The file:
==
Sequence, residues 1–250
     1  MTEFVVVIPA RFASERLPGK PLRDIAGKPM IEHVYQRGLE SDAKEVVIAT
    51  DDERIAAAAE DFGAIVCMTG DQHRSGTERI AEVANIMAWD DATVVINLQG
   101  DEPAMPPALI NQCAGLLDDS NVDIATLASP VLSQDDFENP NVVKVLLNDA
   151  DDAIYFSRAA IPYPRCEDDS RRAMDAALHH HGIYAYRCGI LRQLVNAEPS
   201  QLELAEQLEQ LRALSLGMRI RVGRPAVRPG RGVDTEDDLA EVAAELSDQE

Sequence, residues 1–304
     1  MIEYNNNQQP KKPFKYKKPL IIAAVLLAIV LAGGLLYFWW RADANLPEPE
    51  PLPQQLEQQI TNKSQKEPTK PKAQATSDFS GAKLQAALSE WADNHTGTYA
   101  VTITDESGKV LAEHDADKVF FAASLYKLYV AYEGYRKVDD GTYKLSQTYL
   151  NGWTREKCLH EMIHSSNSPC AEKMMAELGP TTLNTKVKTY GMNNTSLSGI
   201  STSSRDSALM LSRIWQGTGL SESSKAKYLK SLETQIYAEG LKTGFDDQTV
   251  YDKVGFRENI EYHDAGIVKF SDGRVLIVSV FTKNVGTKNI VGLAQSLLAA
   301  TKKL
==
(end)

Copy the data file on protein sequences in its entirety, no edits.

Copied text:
Sequence, residues 1–250
     1  MTEFVVVIPA RFASERLPGK PLRDIAGKPM IEHVYQRGLE SDAKEVVIAT
    51  DDERIAAAAE DFGAIVCMTG DQHRSGTERI AEVANIMAWD DATVVINLQG
   101  DEPAMPPALI NQCAGLLDDS NVDIATLASP VLSQDDFENP NVVKVLLNDA
   151  DDAIYFSRAA IPYPRCEDDS RRAMDAALHH HGIYAYRCGI LRQLVNAEPS
   201  QLELAEQLEQ LRALSLGMRI RVGRPAVRPG RGVDTEDDLA EVAAELSDQE

Sequence, residues 1–304
     1  MIEYNNNQQP KKPFKYKKPL IIAAVLLAIV LAGGLLYFWW RADANLPEPE
    51  PLPQQLEQQI TNKSQKEPTK PKAQATSDFS GAKLQAALSE WADNHTGTYA
   101  VTITDESGKV LAEHDADKVF FAASLYKLYV AYEGYRKVDD GTYKLSQTYL
   151  NGWTREKCLH EMIHSSNSPC AEKMMAELGP TTLNTKVKTY GMNNTSLSGI
   201  STSSRDSALM LSRIWQGTGL SESSKAKYLK SLETQIYAEG LKTGFDDQTV
   251  YDKVGFRENI EYHDAGIVKF SDGRVLIVSV FTKNVGTKNI VGLAQSLLAA
   301  TKKL